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Social Media Gives Away Your Knowledge

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Social Media Gives Away Your Knowledge

Submitted By Peter Åstedt

Since I hold a couple of gateways in various areas, I receive a lot of requests on social media. Most people are,of course,  people I never have met in real life. There are fake accounts so the first thing you research is to find out if the person is real. If we have friends in common it is a sign that the person is real, not just one common friend but a couple.

Now these common friends also give away a hint of what level you are on in the industry. Almost like a fortune teller, I can read what you want and what will happen with your friend’s request. I have been playing with my staff here in the office to see if my theory is right and so far, I have been better than the fortune teller machine Zoltar in the movie “Big”.

One example is when an unknown artist is making a friend’s request. You can see that they are new to the industry, there are few friends and the ones they have are the usual local heroes in the area they are from. I usually say yes, and my guess is that that in the first 48 hours I will get a message with a question that they can send a song for me to listen to.

The fun part is that since they are an artist I just go into their accounts and check out what they have so when the question comes, I have usually already seen and heard it. It only takes a couple of minutes. I like those in one way. The problem is usually that they demand a lot of feedback which I really don’t have time to answer.  Unfortunately, my work time is limited to helping you with your new song that is already released.

Then you have another area. You get friend requests from local industry professionals and you can easily see that all the associated friends are from an area or a specific country. These usually just say hello and hope that they will meet me on some convention later that will be held in their area. The strange part is that they never offer their services or discuss an exchange of knowledge opportunity?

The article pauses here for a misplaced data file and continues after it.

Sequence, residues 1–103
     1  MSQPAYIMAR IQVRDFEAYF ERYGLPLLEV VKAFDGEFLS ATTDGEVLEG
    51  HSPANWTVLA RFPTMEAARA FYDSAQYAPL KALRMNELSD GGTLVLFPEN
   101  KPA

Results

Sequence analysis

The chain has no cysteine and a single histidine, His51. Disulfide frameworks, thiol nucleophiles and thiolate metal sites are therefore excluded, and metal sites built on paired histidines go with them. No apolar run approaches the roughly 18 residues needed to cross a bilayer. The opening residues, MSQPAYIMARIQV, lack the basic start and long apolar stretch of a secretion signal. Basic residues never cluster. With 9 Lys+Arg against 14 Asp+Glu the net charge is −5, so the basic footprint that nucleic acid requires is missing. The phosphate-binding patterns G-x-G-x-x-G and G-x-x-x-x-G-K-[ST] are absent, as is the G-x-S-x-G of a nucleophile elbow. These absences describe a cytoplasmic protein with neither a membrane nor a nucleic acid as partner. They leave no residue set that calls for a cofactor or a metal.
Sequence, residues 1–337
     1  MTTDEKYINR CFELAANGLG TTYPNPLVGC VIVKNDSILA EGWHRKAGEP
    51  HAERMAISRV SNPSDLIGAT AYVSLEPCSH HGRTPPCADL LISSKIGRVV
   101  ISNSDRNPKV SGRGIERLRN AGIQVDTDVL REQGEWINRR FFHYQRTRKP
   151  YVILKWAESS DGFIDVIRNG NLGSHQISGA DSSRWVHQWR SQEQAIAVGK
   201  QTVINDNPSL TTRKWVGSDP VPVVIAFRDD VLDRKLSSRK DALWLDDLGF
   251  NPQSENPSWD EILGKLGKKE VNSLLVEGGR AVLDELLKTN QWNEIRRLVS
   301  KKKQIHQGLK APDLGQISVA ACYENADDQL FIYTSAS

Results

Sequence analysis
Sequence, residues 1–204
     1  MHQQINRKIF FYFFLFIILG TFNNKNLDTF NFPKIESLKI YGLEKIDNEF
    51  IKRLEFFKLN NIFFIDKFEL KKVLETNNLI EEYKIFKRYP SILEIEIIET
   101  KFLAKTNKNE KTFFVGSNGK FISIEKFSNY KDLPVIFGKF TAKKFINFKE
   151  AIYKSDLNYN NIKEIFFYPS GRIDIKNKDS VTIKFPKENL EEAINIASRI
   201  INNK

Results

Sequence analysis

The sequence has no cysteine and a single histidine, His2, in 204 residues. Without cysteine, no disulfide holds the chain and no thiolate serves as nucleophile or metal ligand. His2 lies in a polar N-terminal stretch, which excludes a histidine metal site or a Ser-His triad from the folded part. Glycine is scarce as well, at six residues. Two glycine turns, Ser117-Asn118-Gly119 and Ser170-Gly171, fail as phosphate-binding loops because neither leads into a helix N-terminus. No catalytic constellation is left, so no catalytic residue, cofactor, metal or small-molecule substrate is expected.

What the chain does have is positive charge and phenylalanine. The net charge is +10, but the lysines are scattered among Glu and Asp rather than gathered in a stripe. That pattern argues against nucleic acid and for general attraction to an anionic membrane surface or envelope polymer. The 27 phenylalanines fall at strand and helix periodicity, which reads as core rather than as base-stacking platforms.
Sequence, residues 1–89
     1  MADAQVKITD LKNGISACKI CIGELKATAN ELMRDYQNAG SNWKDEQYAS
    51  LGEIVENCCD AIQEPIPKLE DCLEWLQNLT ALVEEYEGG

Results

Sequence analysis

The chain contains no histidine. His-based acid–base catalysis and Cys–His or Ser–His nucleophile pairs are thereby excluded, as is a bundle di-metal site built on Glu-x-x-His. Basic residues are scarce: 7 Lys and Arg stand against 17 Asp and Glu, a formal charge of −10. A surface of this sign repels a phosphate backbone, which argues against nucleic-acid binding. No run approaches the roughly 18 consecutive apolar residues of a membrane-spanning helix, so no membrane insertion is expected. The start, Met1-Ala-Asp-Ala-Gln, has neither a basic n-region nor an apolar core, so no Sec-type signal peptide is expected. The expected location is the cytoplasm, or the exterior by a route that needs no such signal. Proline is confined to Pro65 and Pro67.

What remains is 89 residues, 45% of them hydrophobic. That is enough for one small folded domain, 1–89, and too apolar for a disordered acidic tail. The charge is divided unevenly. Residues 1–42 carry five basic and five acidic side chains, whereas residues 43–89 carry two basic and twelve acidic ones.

Then you have the braggers. These are usually older people asking for a “friendship” and immediately start name dropping with people they have worked with. The main problem with these is the fact that the names they are throwing around are generally not in the industry any longer, a lot of “has beens”. The question comes around to that they are seeking a job or something that we can hire them for. The problem here is that the friend's list gives away that your “best before” date is long overdue and several of the same friends have done the exact same request.

Then you have the spies. The ones that just make a friend’s request. You can see that they hold various interesting contacts. These usually just never send you a message. Instead, they are in for keeping an eye on what you are launching, what you are posting and what you are currently working on. This is the reason why I have stopped telling who I meet or when and keep my new contacts confidential. The only time I do that is if something is already in the works and I want to brag or promote.  During a showcase festival, we made the whole page crazy by taking pictures with big companies and posting them on social media and everybody though we did deal with them.

Another cringy  thing that happens is the artist that runs around like a headless chicken, befriending everyone and asking for favors. There you can see that they end up with a list of who is who along with the shady people in the industry. In those cases, I more or less just avoid them. In the end, they will never make it.

This is,of course, is just for fun. The list, later on, can grow and can reveal when a person is getting to a place where they are an influencer in the industry. Still in many cases, if your friends are only bearded men that play the flute, I know what level you are on. 

Yes, everything can be read in the numbers on the internet.  Still, we can’t seem to get an accurate top chart?

Editor’s Note: Peter Åstedt has been working in the music industry for over 30 years. He has started record labels, distribution systems, and publishing companies. Peter also runs several major showcase festivals and is an advisor for INES and co-founder of MusicHelp/Discover Sensation. He has worked with the Top Ten most streamed songs and had music on both the Olympics and Super Bowl. Peter has currently taken up the seat of Station Manager of Cashbox Radio, working with MD, PD and station owner, Sandy Graham. His latest venture is a new Showcase Festival in Sweden, Future Echoes scheduled for February 18-20, 2021.